SOURCE: FamilyLife Ministries
My kids need to grow up with the knowledge that I require a Savior just as much as they do.
I yelled at my kids tonight.
It started before the mouthwash spilled all over the floor, my jeans, and my new shirt.
That I have an issue with anger and emotional control is not something I’ve kept secret. But it’s still painfully destructive in my own home: “The wisest of women builds her house, but folly with her own hands tears it down” (Proverbs 14:1).
So when my blood pressure had returned to an appropriate range and I determined the mouthwash only minimally soaked my front, I called all of my kids to our little loveseat. Some of them crawled out of bed. They piled around me like puppies. And I took the time—again, like I have to do so often—to apologize to them and ask for forgiveness.
Then, I led us in praying and repenting to God. It was duly needed for all of us.
I thanked my kids for forgiving me—also not so bad a quality to practice—and ended with tickling them into screaming laughter.
As I backed out of their room in the dark later, I yowled in pain after stepping on an electrical plug someone had left in the doorway. My second son was quick on the draw: “Still love me?” He collapsed in giggles.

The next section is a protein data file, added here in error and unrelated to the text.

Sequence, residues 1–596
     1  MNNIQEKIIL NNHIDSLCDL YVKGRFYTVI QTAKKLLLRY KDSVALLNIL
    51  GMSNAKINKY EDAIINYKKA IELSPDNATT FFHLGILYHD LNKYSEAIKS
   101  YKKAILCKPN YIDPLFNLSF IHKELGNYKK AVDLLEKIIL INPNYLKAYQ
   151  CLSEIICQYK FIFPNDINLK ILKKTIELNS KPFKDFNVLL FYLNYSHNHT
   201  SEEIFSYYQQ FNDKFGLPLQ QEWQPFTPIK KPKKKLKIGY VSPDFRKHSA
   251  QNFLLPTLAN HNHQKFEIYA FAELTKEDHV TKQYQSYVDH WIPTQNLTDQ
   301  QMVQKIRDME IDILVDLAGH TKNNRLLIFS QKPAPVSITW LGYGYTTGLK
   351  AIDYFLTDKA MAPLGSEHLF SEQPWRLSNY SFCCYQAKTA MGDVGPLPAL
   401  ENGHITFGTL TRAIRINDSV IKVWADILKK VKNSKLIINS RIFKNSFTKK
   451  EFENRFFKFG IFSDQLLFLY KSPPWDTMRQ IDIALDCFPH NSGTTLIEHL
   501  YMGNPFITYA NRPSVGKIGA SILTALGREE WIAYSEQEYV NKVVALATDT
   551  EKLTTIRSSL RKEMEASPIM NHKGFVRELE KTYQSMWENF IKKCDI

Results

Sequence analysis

None of this, I’m afraid, undoes what I did.
I wish I could take away my eruptive lack of self-control, or the way I morphed instantly into a drill sergeant. I wish I could subtract what I modeled for my kids. But what still remained in my power were two words: “I’m sorry.”
Their sin doesn’t justify mine
A family that practices repentance keep short accounts with each other, apologizing quickly and sincerely. The point of apologizing to my kids even when they’re in trouble isn’t at all to detract them from their sin. They need to grow up with my willing confession as the norm, to give them the knowledge that Mom requires a Savior as much as they do. An awareness of the log in my eye—even when my children or spouse are the offenders—is biblically commanded (Matthew 7:1-5).
So take it a step further, even, than those two critical words. Deliberately ask for forgiveness, and then humbly and verbally extend forgiveness: “I want you to know that I completely forgive you, and that I believe God forgives you, too.”
I guess it can sound a little hokey when we’re not used to using such language in our homes, but that’s my point. Should it be?
Call me an idealist, but I’d like this replication of Christ’s words to become the norm, a chance to apply the gospel to myself and to my loved ones daily.